A Boy works for a magician. He polishes the Magician's wands and catches the rabbits that are pulled out of hats. But the Boy's favourite job is operating the puppets for the Magician's famous puppet play, "Saint George and the Dragon" - until one day when the Saint George puppet is missing and the Boy is suddenly transported to the Land of the ...
A Boy works for a magician. He polishes the Magician's wands and catches the rabbits that are pulled out of hats. But the Boy's favourite job is operating the puppets for the Magician's famous puppet play, "Saint George and the Dragon" - until one day when the Saint George puppet is missing and the Boy is suddenly transported to the Land of the Story, on a quest to find Saint George. The Boy's journey is full of adventures with oddly familiar characters. But it's the Boy's last adventure that is the most amazing of all and changes his life for ever.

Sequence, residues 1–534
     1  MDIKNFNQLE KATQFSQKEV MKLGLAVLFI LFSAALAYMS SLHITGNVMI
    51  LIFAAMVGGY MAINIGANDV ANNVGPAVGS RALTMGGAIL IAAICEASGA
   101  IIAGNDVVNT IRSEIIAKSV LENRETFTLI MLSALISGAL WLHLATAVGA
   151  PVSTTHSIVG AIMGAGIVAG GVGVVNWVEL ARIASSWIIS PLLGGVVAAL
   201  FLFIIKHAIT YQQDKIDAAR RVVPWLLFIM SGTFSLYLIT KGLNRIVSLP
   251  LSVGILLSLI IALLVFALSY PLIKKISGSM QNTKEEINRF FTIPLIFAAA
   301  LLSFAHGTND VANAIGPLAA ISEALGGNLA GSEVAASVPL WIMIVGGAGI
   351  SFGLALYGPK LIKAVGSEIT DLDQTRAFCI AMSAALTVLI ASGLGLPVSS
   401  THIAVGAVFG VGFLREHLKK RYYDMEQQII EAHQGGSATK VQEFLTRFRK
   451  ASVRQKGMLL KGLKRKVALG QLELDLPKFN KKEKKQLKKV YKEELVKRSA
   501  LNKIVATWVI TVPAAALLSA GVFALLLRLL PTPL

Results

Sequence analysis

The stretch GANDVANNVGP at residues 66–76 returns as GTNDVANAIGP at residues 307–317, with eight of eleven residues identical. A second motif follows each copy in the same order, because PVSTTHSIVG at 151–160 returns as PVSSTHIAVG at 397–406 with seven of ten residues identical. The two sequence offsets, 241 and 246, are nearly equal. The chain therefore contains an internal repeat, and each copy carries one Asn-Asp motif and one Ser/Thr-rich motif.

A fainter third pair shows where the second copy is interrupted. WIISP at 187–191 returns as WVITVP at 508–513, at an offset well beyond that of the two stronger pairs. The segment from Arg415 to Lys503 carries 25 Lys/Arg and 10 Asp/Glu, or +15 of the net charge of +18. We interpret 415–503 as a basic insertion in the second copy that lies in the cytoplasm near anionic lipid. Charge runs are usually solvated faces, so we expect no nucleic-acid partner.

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Publishers Weekly, 2005-02-14 Newbery Medalist Cooper (The Dark Is Rising) offers a lighthearted fantasy centering on a Magician's helper. While operating the puppets in his master's rendition of "St. George and the Dragon," the apprentice discovers that the St. George puppet has disappeared. When the angry Magician insists that the lad locate the star puppet, the Boy falls into the pages of an open book and winds up in the Land of Story. There a talking signpost bears the words, "Only a child can find the way/ To bring Saint George back to the play." To accomplish this, explains the post, the Boy must "travel through stories" and choose a nursery rhyme. When he selects the Old Woman Who Lived in a Shoe, the signpost quips (in one of Cooper's characteristically spry lines), "Not a great choice.... She doesn't get out much." Pinocchio makes a rather bland cameo, but the Boy has more entertaining encounters with the likes of the Pied Piper, Little Red Riding Hood and "four and twenty blackbirds," who finally lead him to the Dragon. The signpost reveals a delectable twist as to the Saint's whereabouts. Despite an inventive finale, the narrative falls short of delivering the magic Cooper's fans have come to expect. The theme feels familiar, and the prose lacks the compelling force of many of her previous novels. Riglietti's half-tone stylized illustrations nimbly capture the story's whimsy, whether single-page or splashing across a spread. Recent graduates to chapter books will most appreciate this caper. Ages 8-12. (Mar.) Copyright 2005 Reed Business Information.
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